PHOENIX – When free agency started on March 15, Detroit Lions general manager Brad Holmes never thought he'd be in a position to sign do-it-all defensive back C.J. Gardner-Johnson, who tied for the NFL lead with six interceptions last season with the Eagles in just 12 games played and has garnered a reputation for being a tough, versatile player.
"First of all our grades from our pro personnel department were sky high through the roof with what he did as a safety and with the ball production he had it was justified," Holmes said Monday at the Annual League Meetings of Gardner-Johnson. "Obviously, we invested in Tracy (Walker) and he's going to come back from his injury and he's on track and we fully expect him to be back. And Kerby (Joseph) showed a lot of progress last year, so it's not like we were eager to acquire another starting-level, high-level safety."
But Holmes and the Lions don't view Gardner-Johnson as just a safety. They love his position versatility and ability to also play the nickel, so Holmes inquired about what it would take to get Gardner-Johnson to Detroit.
"I kind of just saw the grades and ball production and was like, 'OK, this guy is probably getting top dollar safety money and we're just not going to be in that market,'" he said.
Holmes' ride home from the office is usually his decompression time where he takes his mind off football a bit, but midway during the first week of free agency he started calling Gardner-Johnson's agent every day on the ride home to check in with him.
"Hey, man, what's going on?" Holmes said of those chats. "That just kept escalating and escalating and it escalated all the way until I want to say Friday, we had a good conversation. Saturday, we followed up again just internally as a group. Then Sunday morning was just another one of those routine calls and it just happened to escalate to get into a position where we could get it done."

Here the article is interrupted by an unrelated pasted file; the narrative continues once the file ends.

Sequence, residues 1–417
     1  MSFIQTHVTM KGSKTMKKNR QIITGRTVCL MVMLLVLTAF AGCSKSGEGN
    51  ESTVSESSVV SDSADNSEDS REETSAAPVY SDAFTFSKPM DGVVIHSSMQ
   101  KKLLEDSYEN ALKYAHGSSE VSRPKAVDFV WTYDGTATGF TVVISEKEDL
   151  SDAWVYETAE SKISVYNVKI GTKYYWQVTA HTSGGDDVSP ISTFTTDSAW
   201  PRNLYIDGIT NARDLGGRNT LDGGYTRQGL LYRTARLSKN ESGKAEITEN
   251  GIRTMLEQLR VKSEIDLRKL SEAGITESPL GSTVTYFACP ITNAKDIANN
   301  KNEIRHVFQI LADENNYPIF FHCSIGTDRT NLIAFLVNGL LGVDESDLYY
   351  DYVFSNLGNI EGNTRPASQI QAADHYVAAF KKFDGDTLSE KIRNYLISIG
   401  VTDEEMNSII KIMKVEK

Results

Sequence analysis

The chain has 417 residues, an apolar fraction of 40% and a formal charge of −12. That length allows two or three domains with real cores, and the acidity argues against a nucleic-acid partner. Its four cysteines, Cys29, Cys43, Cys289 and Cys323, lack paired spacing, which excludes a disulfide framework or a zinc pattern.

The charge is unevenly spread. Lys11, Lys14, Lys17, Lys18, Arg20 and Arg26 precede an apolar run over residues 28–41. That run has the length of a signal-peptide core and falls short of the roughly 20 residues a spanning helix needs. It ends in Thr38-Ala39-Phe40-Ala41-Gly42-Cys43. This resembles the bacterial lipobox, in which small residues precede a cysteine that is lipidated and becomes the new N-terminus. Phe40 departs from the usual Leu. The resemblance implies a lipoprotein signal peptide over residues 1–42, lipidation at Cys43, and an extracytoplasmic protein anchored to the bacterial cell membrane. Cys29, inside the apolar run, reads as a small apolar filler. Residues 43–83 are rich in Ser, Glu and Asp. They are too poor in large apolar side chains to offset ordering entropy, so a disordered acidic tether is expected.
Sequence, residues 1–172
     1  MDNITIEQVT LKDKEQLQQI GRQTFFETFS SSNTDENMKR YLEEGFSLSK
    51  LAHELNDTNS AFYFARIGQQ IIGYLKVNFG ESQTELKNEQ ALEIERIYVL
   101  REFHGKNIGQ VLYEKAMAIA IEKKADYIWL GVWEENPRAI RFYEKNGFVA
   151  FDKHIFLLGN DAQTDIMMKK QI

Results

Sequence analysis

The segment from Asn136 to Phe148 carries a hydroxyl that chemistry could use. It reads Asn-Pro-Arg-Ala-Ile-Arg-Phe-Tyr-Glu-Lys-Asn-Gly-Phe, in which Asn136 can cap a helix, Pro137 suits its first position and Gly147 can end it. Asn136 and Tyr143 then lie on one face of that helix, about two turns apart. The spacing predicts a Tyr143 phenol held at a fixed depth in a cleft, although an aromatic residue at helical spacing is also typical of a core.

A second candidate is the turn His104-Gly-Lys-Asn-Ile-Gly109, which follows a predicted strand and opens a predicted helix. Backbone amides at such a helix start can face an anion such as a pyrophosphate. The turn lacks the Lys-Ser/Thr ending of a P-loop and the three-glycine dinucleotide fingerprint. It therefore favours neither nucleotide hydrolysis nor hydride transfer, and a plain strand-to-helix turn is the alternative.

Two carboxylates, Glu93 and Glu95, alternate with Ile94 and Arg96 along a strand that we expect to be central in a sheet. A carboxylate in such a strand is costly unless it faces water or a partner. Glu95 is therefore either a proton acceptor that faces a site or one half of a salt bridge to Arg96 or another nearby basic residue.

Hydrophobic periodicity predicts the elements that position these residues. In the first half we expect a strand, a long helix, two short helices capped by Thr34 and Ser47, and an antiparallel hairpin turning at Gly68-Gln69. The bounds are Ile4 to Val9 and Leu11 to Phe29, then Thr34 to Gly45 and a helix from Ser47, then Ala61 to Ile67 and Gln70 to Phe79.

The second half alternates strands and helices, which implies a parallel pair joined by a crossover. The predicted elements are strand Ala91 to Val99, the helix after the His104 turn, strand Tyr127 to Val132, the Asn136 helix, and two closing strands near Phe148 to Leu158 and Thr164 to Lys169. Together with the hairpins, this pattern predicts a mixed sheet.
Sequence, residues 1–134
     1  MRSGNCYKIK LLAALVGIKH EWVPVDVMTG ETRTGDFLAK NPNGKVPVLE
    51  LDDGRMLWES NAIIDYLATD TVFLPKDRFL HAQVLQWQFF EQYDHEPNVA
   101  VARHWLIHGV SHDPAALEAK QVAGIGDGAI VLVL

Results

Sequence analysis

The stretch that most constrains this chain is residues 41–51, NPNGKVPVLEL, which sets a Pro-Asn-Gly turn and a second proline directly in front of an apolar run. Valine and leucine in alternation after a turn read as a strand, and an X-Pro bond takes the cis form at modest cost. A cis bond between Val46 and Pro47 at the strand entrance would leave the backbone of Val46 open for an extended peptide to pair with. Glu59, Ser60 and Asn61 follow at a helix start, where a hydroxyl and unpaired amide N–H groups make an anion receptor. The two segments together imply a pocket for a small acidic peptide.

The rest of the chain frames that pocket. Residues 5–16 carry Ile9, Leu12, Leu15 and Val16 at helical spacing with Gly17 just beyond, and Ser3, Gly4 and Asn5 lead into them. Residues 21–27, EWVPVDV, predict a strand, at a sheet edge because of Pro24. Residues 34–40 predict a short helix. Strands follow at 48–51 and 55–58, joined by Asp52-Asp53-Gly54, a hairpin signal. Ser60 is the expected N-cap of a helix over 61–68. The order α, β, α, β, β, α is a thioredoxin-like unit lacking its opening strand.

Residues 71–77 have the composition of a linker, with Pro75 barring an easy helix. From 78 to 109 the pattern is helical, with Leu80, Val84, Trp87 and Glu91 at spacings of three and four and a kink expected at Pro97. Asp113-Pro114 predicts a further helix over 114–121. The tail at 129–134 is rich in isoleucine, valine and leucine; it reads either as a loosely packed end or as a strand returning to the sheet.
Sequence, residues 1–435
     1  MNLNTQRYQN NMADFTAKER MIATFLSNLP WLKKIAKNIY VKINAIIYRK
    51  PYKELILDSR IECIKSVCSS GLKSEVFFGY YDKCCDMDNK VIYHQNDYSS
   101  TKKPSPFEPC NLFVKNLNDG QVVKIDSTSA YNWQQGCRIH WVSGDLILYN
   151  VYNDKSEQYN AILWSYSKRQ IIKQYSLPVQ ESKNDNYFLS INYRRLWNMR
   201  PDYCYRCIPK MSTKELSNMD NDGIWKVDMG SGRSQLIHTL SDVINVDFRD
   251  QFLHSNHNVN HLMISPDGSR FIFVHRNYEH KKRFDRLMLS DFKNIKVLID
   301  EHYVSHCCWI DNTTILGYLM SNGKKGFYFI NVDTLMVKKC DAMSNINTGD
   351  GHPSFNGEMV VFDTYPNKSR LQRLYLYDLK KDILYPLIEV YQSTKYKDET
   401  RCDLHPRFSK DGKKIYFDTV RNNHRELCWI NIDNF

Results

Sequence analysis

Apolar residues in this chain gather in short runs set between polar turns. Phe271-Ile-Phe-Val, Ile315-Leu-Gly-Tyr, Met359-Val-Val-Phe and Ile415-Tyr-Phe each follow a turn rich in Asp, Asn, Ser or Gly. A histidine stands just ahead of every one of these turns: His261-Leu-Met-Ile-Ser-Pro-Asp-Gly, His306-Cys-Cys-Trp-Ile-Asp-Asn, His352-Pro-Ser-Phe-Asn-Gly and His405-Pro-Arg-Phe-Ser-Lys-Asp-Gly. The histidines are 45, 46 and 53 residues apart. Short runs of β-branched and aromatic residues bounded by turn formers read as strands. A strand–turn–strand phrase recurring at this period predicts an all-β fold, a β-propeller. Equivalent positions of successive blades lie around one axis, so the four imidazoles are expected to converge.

It all came together around 10 p.m. on Sunday night with Holmes' wife and two children already in bed for the night.
"I basically woke the whole household up when we got that done," he said with a smile. "Just a player that caliber and how he fits like a glove in our defense and what he's going to bring to our culture and our style and how we want to play.
"I got a great text from (defensive coordinator) Aaron Glenn as soon as it happened. It was a good feeling and again, just another piece to add and bolster our backend. It's not just our backend but our defense as a whole. Just a certain way we want to play defense and he fits that to a tee."
The same goes for veteran secondary additions like Cam Sutton and Emmanuel Moseley. Holmes said it was a mission of his to improve the defense heading into the offseason and he thought the secondary was a little young with players like Joseph, Jeff Okudah (who only played in 10 games his first two seasons) and Jerry Jacobs playing key roles. He wanted to add some competition and veteran presence to the DB room and he certainly accomplished that in free agency.
"I told you guys at end of the season, we're gonna add to our defense," Holmes said. "We just needed to get better there. We're just very young at that (DB) position, so to add some guys with some more experience, add some guys with more versatility, but we just want to get better there, and we still got some young guys that are still growing, but obviously, that was an area of emphasis and that will continue to be."